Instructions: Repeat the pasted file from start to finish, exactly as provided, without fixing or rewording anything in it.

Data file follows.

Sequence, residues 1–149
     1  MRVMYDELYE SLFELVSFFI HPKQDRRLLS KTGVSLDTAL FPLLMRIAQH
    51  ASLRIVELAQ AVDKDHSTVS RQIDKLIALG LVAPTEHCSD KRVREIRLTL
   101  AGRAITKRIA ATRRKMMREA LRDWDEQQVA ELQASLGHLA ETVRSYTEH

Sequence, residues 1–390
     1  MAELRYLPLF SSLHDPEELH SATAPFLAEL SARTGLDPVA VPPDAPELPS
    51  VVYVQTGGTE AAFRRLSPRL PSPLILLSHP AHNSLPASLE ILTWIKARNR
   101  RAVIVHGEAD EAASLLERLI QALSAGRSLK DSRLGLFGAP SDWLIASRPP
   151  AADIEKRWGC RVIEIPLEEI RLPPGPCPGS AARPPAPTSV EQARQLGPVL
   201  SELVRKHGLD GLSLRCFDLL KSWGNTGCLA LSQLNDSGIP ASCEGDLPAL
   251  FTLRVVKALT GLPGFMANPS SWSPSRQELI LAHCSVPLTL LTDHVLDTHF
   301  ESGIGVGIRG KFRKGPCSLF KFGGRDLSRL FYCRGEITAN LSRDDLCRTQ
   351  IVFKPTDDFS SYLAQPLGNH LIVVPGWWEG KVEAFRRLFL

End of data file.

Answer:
Sequence, residues 1–149
     1  MRVMYDELYE SLFELVSFFI HPKQDRRLLS KTGVSLDTAL FPLLMRIAQH
    51  ASLRIVELAQ AVDKDHSTVS RQIDKLIALG LVAPTEHCSD KRVREIRLTL
   101  AGRAITKRIA ATRRKMMREA LRDWDEQQVA ELQASLGHLA ETVRSYTEH

Sequence, residues 1–390
     1  MAELRYLPLF SSLHDPEELH SATAPFLAEL SARTGLDPVA VPPDAPELPS
    51  VVYVQTGGTE AAFRRLSPRL PSPLILLSHP AHNSLPASLE ILTWIKARNR
   101  RAVIVHGEAD EAASLLERLI QALSAGRSLK DSRLGLFGAP SDWLIASRPP
   151  AADIEKRWGC RVIEIPLEEI RLPPGPCPGS AARPPAPTSV EQARQLGPVL
   201  SELVRKHGLD GLSLRCFDLL KSWGNTGCLA LSQLNDSGIP ASCEGDLPAL
   251  FTLRVVKALT GLPGFMANPS SWSPSRQELI LAHCSVPLTL LTDHVLDTHF
   301  ESGIGVGIRG KFRKGPCSLF KFGGRDLSRL FYCRGEITAN LSRDDLCRTQ
   351  IVFKPTDDFS SYLAQPLGNH LIVVPGWWEG KVEAFRRLFL